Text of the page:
Civil Rights Team members Alyssa Henderson, left, Ruby Colwell and Kayla Bailey gather Thursday at Gardiner Area High School. Joe Phelan/Kennebec Journal Buy this Photo

GARDINER — Ahead of Martin Luther King Jr. Day, Ruby Colwell recited a quote her grandmother always told her.

“The right wing and the left wing are part of the same bird,” she said.

Colwell, a ninth-grader at Gardiner Area High School, said the quote is especially meaningful this year.

“We all have to realize that I’m human, you’re human, we are all human, and that’s what brings us together,” she said. “We are all in the same world and working towards the same thing. That’s what MLK and Ruth Bader Ginsburg stood for.”

As a first-year student on the school’s Civil Rights Team, Colwell has taken action ahead of MLK Jr. Day and decided, along with her teammates, to put a video together to celebrate the day. The team did the same following the death of Associate Justice Ruth Bader Ginsburg of the Supreme Court of the United States.

The students on the Gardiner Civil Rights Team said the video they put together for the federal holiday focuses on the equality for which Martin Luther King Jr. stood. Team members, students and teachers at the school participated in the video.


Those who participated in the project were instructed to send a 30-second or one-minute video to Colwell. Submissions included drawings, a few words or any other way participants chose to express themselves.

Teacher Christina Benedict is the adviser for the Civil Rights Team at Gardiner Area High School. Joe Phelan/Kennebec Journal Buy this Photo

One team member, senior Maggie Barron, wrote a poem about what MLK Jr. means to her.

“This year’s MLK Day is a big event,” Barron said. “It’s important to keep in mind the people that began (the fight for civil rights), like MLK, Malcolm X and Angela Davis, who gave their lives to the cause and started this. Civil rights wouldn’t have happened without them, and they are an important connection to make.”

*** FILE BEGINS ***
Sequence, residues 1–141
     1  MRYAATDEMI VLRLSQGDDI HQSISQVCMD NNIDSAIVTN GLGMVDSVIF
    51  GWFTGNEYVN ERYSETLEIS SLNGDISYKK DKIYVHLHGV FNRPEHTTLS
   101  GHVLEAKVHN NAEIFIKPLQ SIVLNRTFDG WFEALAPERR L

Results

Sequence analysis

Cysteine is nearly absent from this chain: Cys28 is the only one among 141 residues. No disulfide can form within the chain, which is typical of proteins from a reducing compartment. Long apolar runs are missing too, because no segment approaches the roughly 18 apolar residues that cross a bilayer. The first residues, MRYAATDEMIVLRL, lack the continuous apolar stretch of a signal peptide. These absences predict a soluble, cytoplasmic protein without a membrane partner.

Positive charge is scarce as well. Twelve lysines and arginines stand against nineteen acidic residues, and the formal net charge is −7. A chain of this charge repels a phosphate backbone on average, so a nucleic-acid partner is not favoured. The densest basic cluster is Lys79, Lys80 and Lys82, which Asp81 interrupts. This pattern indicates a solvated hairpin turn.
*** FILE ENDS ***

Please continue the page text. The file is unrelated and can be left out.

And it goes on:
The Civil Rights Team — about 15 members at Gardiner Area High School — is part of a statewide program. One team rule stipulates members are not to talk about politics or show bias, and everyone is to be heard.

“We want to make sure everyone is included,” senior Kayla Bailey said. “We don’t want to take on one side or think that we are a political group or that we are trying to break anyone else down. The whole point is to be inclusive and make sure they feel safe and welcome.”

As a first-year member of the team, ninth-grader Alyssa Henderson, who describes herself as shy, said it has been a way to make friends and find her voice.


Henderson talked about the impact MLK Jr. had on her, admitting a few days before video submissions were due she did not know what she wanted to create or say.

“He stood for equality and peace and justice, and those are all of the things that I believe in,” Henderson said. “I think that if he didn’t do that, I wouldn’t be sitting here with all of you here today.”